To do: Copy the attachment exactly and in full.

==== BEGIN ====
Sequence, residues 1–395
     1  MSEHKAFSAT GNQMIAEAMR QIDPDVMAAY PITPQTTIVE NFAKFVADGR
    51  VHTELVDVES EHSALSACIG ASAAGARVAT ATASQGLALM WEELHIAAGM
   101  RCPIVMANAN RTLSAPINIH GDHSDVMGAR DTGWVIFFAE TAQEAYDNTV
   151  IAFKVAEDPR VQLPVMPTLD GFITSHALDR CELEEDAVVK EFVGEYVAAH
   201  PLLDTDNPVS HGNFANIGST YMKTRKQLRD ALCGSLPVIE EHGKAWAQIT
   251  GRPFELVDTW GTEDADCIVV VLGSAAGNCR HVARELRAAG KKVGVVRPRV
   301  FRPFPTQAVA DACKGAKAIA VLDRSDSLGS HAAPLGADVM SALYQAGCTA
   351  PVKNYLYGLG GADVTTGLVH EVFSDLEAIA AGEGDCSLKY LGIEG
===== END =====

Sequence, residues 1–395
     1  MSEHKAFSAT GNQMIAEAMR QIDPDVMAAY PITPQTTIVE NFAKFVADGR
    51  VHTELVDVES EHSALSACIG ASAAGARVAT ATASQGLALM WEELHIAAGM
   101  RCPIVMANAN RTLSAPINIH GDHSDVMGAR DTGWVIFFAE TAQEAYDNTV
   151  IAFKVAEDPR VQLPVMPTLD GFITSHALDR CELEEDAVVK EFVGEYVAAH
   201  PLLDTDNPVS HGNFANIGST YMKTRKQLRD ALCGSLPVIE EHGKAWAQIT
   251  GRPFELVDTW GTEDADCIVV VLGSAAGNCR HVARELRAAG KKVGVVRPRV
   301  FRPFPTQAVA DACKGAKAIA VLDRSDSLGS HAAPLGADVM SALYQAGCTA
   351  PVKNYLYGLG GADVTTGLVH EVFSDLEAIA AGEGDCSLKY LGIEG